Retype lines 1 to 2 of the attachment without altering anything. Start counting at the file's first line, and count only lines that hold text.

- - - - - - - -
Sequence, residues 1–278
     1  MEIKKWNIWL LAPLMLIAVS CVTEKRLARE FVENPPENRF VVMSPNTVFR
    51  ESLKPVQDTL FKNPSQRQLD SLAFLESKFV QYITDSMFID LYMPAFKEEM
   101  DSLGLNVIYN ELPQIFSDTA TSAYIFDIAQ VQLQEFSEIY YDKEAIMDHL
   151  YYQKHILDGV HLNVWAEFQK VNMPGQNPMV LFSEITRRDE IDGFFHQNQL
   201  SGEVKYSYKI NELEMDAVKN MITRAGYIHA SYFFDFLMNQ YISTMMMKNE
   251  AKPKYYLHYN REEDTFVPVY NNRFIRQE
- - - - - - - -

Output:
Sequence, residues 1–278
     1  MEIKKWNIWL LAPLMLIAVS CVTEKRLARE FVENPPENRF VVMSPNTVFR